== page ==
By David Bacon
The fire that killed more than 100 workers at the clothing factory in Bangladesh was an act of industrial homicide, which must not be tolerated. This was the most recent of several such crimes, leading to the deaths of another 500 people, mostly young women.
These fires are a consequence of a production system that places the profits of multinational clothing manufacturers and their contractors above the lives of people.
The Bangladesh fire tells us a lot about the conditions under which the garments consumers bought on Black Friday were made. Reports from the scene say there were no fire escapes. Several young women jumped from the windows to get away from the flames, as their sisters did a century ago in New York City in the Triangle Shirtwaist fire. A number of Tazreen workers were trapped inside and burned to death.
Wal-Mart, which was among Tazreen’s buyers, had put the factory on “orange” status (green for good, yellow for not so good, orange for a warning, and red for a contractor whose orders are cut off). Yet the company kept giving Tazreen orders.
Contractors like Tazreen compete against each other to get the orders. In a garment factory, the main way they cut costs is by cutting wages (which were 21 cents an hour at Tazreen) and expenses like safety.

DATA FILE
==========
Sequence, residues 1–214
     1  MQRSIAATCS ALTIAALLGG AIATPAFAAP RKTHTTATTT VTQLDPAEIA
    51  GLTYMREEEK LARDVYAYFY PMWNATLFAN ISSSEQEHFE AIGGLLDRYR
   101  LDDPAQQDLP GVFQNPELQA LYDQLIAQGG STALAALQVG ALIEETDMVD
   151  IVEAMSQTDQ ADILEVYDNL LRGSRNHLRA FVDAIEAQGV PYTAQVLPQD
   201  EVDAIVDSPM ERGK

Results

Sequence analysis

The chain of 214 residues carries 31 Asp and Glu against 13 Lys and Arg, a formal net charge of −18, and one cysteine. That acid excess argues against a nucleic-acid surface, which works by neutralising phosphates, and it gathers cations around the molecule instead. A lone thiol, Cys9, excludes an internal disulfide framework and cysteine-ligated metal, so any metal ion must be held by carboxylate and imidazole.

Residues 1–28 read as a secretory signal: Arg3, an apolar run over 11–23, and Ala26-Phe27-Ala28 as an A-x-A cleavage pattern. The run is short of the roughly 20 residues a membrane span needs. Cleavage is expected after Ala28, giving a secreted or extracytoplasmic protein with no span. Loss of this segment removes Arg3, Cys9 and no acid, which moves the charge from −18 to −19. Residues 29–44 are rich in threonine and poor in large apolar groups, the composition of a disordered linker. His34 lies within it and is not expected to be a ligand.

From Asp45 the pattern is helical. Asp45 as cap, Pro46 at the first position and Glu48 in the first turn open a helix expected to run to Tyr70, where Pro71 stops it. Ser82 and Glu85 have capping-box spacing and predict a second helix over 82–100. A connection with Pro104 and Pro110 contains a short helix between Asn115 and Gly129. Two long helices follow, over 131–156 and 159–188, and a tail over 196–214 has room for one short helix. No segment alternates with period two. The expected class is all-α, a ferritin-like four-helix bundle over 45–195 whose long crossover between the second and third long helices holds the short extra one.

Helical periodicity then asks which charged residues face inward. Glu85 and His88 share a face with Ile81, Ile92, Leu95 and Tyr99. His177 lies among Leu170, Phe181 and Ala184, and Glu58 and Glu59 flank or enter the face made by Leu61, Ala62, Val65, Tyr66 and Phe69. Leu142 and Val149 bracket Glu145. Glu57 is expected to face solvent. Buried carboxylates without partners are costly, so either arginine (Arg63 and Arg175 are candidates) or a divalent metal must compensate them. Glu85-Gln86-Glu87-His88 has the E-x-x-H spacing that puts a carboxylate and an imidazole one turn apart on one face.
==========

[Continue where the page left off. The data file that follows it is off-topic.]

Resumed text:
Workers in Bangladesh have been trying to win the right to organize strong unions to raise those wages and improve working conditions.
But police in Bangladesh have been putting down demonstrations by workers in this region for months. One activist, Aminul Islam, was tortured and killed this year.
Manufacturers claim that if wages and safety costs rise, so will the prices of garments in U.S. stores. Yet if wages of 21 cents an hour were doubled, it would add only a few pennies to the cost of even a cheap T-shirt.
David Bacon is a writer for Progressive Media Project, a source of liberal commentary on domestic and international issues; it is affiliated with The Progressive magazine. Distributed by McClatchy-Tribune Information Services.
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